I think I would be training him instead of babying him. There's going to come a time in his life where he'll NEED the cold water.

            Continue to work on it at home. Forget the head right now (though, to properly cool a very hot horse, you'll need to get his head, as well). Focus, right now, on teaching him to tolerate good, cold water on the important parts- between his back legs and under his tail, his and down his front legs, and at least over his rump. School him how you would school any icky on the ground thing. If he kicks out, swat him (I'm one to make them think the barn's going to fall down around them for about 5 seconds if they threaten to kick, though). When he stands, lots of praise. Don't tie him or cross tie him, and get someone (competent) to help either hold or wash. And you both may want to wear helmets while doing it.

            There really is no good way to cool down a hot horse without cold water. I realize you are in the UK, so don't necessarily have to deal with the heat and humidity I do here in the summer, but without it, my horse would fry. And he hates it, too (got his first cold bath of the season the other day....his reaction was like "this is NOT in my contract!"). Just keep working on it. He'll learn to tolerate it, even if he does have the look to kill in his eye the whole time.
            Amanda

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            • #7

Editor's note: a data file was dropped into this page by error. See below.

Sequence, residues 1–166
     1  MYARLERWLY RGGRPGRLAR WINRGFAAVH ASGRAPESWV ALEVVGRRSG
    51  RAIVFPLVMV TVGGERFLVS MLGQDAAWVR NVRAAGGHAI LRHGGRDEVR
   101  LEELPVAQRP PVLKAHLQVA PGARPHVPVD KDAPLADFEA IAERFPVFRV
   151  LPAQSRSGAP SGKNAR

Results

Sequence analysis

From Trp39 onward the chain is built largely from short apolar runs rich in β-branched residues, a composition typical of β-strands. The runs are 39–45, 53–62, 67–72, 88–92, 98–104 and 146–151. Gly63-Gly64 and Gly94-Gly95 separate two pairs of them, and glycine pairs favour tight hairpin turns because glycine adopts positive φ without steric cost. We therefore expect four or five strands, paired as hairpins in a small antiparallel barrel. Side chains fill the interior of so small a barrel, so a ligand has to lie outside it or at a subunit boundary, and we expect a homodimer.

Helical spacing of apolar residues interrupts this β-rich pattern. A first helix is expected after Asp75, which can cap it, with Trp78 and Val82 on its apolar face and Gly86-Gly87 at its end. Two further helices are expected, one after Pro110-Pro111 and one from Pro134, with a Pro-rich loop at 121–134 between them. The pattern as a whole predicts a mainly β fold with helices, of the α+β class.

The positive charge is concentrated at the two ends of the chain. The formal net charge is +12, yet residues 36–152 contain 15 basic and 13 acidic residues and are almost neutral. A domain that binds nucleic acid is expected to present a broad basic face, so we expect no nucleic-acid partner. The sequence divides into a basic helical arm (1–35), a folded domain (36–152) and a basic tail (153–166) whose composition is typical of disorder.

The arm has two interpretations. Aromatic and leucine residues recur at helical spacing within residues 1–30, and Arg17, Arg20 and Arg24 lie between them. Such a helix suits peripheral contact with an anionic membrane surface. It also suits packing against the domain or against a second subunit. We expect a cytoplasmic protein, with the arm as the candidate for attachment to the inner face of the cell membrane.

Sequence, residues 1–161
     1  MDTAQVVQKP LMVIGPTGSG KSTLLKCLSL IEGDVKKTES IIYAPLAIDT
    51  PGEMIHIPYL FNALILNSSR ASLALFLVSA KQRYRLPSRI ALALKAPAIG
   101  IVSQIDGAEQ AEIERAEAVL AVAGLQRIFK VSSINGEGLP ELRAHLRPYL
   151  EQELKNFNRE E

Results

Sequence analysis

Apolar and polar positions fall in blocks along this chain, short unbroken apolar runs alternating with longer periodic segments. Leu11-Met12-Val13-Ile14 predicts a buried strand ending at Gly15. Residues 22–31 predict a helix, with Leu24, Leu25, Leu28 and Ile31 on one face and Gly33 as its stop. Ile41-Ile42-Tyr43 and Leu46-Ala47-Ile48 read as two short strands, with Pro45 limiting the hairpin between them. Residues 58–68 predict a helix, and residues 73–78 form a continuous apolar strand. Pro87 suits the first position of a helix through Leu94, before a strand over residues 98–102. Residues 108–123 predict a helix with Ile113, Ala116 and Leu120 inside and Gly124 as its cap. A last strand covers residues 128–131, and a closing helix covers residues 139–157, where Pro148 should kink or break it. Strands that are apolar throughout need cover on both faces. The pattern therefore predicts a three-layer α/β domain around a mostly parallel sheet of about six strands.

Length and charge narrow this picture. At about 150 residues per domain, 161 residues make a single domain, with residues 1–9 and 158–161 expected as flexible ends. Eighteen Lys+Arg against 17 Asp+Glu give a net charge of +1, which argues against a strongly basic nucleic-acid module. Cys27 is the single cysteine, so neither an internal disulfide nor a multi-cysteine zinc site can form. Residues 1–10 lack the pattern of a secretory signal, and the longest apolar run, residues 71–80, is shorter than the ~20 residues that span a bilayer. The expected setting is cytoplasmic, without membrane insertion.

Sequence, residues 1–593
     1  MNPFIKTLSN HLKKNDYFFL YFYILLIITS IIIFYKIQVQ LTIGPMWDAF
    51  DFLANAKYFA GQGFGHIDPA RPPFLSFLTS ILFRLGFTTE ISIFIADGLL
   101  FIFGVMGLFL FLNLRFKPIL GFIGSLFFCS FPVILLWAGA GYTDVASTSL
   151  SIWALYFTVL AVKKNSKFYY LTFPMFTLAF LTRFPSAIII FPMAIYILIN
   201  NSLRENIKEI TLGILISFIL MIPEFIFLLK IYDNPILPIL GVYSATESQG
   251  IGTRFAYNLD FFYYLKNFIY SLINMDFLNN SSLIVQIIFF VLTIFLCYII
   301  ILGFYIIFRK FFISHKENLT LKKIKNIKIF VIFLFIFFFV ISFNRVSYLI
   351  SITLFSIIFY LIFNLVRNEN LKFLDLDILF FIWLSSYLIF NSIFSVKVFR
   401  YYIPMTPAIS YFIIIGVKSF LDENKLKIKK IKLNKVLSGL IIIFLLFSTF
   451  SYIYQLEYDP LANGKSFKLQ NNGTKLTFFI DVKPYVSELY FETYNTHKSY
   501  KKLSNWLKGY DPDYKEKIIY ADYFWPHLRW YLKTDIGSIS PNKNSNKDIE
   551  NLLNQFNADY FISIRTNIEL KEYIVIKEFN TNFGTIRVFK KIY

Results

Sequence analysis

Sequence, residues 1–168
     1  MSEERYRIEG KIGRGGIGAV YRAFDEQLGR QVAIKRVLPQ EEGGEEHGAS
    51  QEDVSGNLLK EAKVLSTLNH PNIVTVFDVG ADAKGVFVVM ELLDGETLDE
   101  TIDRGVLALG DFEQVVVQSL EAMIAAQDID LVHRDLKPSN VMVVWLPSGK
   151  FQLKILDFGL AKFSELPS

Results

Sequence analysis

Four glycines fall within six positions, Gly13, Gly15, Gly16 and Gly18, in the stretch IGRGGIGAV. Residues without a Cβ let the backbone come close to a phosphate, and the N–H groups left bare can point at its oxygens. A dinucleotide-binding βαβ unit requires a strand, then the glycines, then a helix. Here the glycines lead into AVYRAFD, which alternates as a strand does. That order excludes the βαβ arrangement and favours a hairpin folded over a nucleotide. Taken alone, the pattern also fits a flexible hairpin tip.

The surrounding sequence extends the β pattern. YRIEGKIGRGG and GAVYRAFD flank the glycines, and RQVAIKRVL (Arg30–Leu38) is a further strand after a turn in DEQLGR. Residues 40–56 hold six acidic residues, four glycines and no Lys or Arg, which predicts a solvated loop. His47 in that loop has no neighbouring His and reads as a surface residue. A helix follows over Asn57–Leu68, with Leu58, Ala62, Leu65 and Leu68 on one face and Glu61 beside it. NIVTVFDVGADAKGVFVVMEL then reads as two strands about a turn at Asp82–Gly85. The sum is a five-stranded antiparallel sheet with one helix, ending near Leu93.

Baby horses on the track get a bath EVERY SINGLE DAY and soon learn to be completely comfortable with it. They most certainly aren't born that way and the week when a pack of new 2yos hits the barn is always full of fun and games. Take your time, use water that is just about at his tolerance limit, gradually lower the temp, and persevere at home so that when INEVITABLY he has to have a cold shower he will have learned to cope. You have the luxury of choosing the temps at home (so do I, it is great) but you do want him to not lose his marbles if there are no options.
              Click here before you buy.

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              • #8
                Short answer: tough. If he's hot enough and the weather is hot enough, he won't care what temperature the water is. Some things I tolerate and some things I just don't. Standing still for stuff I want to do to them is one thing I am death on. After all, we ask them to work with us about 1 hour out of 24. And it rains on him when he's turned out, doesn't it?
                Proud & Permanent Student Of The Long Road
                Read me: EN (http://eventingnation.com/author/annemarch/) and HJU (http://horsejunkiesunited.com/author/holly-covey/)